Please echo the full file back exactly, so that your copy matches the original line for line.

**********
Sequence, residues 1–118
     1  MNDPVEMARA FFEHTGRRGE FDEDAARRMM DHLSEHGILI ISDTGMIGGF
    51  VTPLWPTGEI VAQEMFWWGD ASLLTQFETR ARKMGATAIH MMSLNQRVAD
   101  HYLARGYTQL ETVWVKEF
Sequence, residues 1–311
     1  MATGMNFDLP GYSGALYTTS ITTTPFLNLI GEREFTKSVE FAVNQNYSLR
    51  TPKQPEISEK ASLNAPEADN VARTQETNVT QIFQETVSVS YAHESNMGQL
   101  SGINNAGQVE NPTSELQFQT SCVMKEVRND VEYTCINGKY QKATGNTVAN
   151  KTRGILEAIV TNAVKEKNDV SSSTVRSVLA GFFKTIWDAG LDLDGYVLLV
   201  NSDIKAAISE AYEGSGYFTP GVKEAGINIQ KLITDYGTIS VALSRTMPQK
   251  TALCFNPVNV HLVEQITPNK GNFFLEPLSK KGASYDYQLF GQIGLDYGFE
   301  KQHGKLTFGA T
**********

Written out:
Sequence, residues 1–118
     1  MNDPVEMARA FFEHTGRRGE FDEDAARRMM DHLSEHGILI ISDTGMIGGF
    51  VTPLWPTGEI VAQEMFWWGD ASLLTQFETR ARKMGATAIH MMSLNQRVAD
   101  HYLARGYTQL ETVWVKEF
Sequence, residues 1–311
     1  MATGMNFDLP GYSGALYTTS ITTTPFLNLI GEREFTKSVE FAVNQNYSLR
    51  TPKQPEISEK ASLNAPEADN VARTQETNVT QIFQETVSVS YAHESNMGQL
   101  SGINNAGQVE NPTSELQFQT SCVMKEVRND VEYTCINGKY QKATGNTVAN
   151  KTRGILEAIV TNAVKEKNDV SSSTVRSVLA GFFKTIWDAG LDLDGYVLLV
   201  NSDIKAAISE AYEGSGYFTP GVKEAGINIQ KLITDYGTIS VALSRTMPQK
   251  TALCFNPVNV HLVEQITPNK GNFFLEPLSK KGASYDYQLF GQIGLDYGFE
   301  KQHGKLTFGA T